SACRAMENTO – The County of Los Angeles along with six other agencies added their names to a burgeoning list of opposition against Assembly Bill 1250. The proposed legislation is a blatant political power play by two of the state’s largest public employee unions at the cost of public safety, health and social service programs for California’s most vulnerable residents.
The Los Angeles County Board of Supervisors, Los Angeles County Sheriff Jim McDonnell, County of Los Angeles Probation Department, County of Los Angeles Department of Public Works, Los Angeles County Workforce Development, Aging and Community Services; County of Los Angeles Department of Public Social Services, and Los Angeles County Public Health all have expressed their concerns and submitted opposition letters to the author of AB 1250 and members of the Senate Appropriations Committee.
From the LA County of Board of Supervisors: “AB 1250 would have a significant impact on Los Angeles County’s ability to contract out for services, especially in the areas of health, mental health, children’s services, public works services, and criminal justice programs.”
From LA County Sheriff Jim McDonnell: “In the wake of realignment, sheriffs and counties have met with vigor the obligations that stem from housing more inmates for longer terms. AB 1250 will hurt the people and jails they are trying to serve; inmates and our communities at large.”
From the LA County Probation Department: “… the County would be forced to eliminate service delivery options and change existing countywide contracting processes.”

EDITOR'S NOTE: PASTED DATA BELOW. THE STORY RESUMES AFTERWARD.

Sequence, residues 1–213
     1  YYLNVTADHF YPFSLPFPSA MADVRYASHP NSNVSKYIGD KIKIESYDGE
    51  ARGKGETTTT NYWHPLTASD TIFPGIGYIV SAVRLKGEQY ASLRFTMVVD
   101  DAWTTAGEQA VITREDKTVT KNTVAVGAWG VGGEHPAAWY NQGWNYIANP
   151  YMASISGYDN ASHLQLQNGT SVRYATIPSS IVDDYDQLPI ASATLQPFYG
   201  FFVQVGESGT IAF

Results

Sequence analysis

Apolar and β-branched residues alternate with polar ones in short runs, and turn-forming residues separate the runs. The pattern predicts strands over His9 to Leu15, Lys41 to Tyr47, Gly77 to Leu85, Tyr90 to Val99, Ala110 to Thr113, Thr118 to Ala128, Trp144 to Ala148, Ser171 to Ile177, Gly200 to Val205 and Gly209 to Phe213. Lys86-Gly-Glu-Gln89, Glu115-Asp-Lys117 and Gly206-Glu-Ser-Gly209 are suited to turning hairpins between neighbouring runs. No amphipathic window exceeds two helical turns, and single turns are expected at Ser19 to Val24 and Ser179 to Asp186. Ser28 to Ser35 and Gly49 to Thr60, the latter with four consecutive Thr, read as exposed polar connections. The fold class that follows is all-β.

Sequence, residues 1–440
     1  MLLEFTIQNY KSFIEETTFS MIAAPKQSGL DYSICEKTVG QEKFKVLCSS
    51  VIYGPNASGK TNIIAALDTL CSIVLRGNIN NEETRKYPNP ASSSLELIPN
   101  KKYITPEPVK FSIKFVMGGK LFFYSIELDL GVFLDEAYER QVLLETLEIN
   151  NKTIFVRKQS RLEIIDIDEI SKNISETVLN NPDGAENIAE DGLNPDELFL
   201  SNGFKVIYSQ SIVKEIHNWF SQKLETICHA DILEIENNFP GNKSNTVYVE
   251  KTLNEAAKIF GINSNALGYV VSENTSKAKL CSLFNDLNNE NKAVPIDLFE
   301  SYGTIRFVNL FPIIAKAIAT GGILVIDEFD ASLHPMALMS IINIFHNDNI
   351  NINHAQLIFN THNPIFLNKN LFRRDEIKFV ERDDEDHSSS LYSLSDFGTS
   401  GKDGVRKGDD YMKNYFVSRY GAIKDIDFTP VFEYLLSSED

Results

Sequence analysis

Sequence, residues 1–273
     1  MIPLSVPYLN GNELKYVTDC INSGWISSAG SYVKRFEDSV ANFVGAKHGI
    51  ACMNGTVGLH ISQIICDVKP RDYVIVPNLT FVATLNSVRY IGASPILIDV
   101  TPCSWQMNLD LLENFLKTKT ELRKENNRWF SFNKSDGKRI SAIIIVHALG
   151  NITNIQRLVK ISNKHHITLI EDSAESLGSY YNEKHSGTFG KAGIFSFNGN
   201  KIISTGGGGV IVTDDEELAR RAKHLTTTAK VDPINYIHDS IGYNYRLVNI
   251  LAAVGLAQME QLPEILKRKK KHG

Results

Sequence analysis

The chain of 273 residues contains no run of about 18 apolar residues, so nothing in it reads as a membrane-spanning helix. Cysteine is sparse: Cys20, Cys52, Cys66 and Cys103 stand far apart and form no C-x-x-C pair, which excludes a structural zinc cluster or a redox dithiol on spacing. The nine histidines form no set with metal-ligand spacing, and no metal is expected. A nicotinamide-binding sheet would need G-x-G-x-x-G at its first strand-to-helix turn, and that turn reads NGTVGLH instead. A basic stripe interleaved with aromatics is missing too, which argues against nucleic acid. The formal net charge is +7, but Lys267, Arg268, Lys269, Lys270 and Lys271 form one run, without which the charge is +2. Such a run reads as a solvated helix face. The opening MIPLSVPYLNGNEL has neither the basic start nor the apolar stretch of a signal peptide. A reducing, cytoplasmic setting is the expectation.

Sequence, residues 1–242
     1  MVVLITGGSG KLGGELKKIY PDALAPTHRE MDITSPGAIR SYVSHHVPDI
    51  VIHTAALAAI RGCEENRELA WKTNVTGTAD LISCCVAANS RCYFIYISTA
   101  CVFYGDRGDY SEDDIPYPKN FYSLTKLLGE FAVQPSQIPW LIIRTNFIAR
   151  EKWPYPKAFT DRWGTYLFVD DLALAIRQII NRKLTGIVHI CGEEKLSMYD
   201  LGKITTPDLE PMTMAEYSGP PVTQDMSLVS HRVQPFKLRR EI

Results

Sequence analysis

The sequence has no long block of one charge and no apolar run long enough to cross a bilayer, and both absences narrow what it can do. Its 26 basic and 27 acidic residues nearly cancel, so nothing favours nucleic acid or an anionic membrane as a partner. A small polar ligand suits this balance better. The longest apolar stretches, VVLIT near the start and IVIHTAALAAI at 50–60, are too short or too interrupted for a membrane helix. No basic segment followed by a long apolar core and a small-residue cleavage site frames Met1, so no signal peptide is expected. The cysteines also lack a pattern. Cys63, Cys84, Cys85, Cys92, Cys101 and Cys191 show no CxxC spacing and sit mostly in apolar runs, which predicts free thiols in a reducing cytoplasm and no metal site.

From the LA County Department of Public Works: “… this bill would impact various services that are essential to the County, such as emergency debris removal, vehicle, and equipment repair, and catch basin cleanout services.”
From LA County Workforce Development, Aging and Community Services: “The delivery of human and social services would be significantly affected by AB 1250.”
From the LA County Department of Public Social Services: “… AB 1250 jeopardizes the delivery of vital services that many county residents depend on, including health and social services, public safety and other county services.”
From LA County Public Health: “AB 1250’s requirements would impact several hundred contracts that LACDPH relies upon to ensure culturally competent services to vulnerable populations for substance abuse treatment and prevention, HIV/AIDS and STD services …”
AB 1250 is scheduled to be heard in the Senate Appropriations Committee when the California State Legislature reconvenes on August 21.
Please click here to read the opposition letters from the seven LA county agencies.